David Bourget (Western Ontario)
David Chalmers (ANU, NYU)
Rafael De Clercq
Jack Alan Reynolds
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Journal for General Philosophy of Science 44 (1):193-200 (2013)
There are different Bayesian measures to calculate the degree of confirmation of a hypothesis H in respect of a particular piece of evidence E. Zalabardo (Analysis 69:630–635, 2009) is a recent attempt to defend the likelihood-ratio measure (LR) against the probability-ratio measure (PR). The main disagreement between LR and PR concerns their sensitivity to prior probabilities. Zalabardo invokes intuitive plausibility as the appropriate criterion for choosing between them. Furthermore, he claims that it favours the ordering of pairs evidence/hypothesis generated by LR. We will argue, however, that the intuitive non-numerical example provided by Zalabardo does not show that prior probabilities do not affect the degree of confirmation. On account of this, we conclude that there is no compelling reason to endorse LR qua measure of degree of confirmation. On the other side, we should not forget some technicalities which still benefit PR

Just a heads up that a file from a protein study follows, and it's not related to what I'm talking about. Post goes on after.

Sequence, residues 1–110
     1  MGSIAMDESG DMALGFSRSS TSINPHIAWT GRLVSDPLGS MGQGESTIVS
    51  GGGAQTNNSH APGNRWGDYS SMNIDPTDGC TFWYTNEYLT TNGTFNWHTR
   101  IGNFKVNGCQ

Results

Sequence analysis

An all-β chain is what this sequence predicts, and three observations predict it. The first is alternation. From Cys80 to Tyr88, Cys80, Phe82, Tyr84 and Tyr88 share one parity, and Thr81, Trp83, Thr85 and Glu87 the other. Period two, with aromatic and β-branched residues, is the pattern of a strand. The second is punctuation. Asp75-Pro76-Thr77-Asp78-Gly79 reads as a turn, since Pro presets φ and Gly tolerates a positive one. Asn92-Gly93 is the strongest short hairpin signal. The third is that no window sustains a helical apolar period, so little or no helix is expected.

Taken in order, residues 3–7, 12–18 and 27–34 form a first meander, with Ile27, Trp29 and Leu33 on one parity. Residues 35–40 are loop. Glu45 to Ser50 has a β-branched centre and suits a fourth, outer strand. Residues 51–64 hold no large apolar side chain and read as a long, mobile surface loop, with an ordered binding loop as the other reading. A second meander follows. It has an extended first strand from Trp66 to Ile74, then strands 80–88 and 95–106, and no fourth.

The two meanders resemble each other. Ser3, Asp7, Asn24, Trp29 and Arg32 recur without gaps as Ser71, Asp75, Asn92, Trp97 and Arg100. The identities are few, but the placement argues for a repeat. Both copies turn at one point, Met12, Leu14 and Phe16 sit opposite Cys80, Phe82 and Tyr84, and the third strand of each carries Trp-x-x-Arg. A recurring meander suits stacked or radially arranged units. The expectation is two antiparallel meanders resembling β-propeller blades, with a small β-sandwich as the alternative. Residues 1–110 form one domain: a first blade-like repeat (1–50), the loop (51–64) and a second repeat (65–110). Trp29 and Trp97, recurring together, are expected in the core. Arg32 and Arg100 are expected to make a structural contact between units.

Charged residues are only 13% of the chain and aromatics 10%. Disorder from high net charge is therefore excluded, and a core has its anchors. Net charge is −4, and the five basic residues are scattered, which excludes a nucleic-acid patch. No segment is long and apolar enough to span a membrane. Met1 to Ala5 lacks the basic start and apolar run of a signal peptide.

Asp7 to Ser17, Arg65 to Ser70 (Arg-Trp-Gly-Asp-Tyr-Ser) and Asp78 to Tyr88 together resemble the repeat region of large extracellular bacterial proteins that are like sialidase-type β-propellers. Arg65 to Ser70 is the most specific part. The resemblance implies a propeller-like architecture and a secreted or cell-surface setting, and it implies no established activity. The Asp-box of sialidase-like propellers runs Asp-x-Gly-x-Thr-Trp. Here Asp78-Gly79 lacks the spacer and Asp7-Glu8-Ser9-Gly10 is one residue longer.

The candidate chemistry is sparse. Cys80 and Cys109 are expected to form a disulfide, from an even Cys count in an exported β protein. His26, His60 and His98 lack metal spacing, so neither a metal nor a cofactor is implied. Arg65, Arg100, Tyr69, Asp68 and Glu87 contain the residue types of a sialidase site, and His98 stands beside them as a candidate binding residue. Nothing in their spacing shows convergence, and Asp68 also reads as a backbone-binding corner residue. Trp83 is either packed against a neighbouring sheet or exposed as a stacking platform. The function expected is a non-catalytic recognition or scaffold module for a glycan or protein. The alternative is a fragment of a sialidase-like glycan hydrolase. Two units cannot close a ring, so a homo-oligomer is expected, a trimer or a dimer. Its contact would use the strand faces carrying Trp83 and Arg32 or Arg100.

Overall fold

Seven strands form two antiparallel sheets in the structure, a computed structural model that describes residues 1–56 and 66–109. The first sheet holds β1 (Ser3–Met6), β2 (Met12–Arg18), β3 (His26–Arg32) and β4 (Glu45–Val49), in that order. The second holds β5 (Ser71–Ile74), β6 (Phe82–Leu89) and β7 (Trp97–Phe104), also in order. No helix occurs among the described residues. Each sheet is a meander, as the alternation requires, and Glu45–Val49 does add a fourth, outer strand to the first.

|Keywords||Confirmation theory Confirmation measures Hypothesis testing Prior probabilities Bayesianism Likelihoodism|
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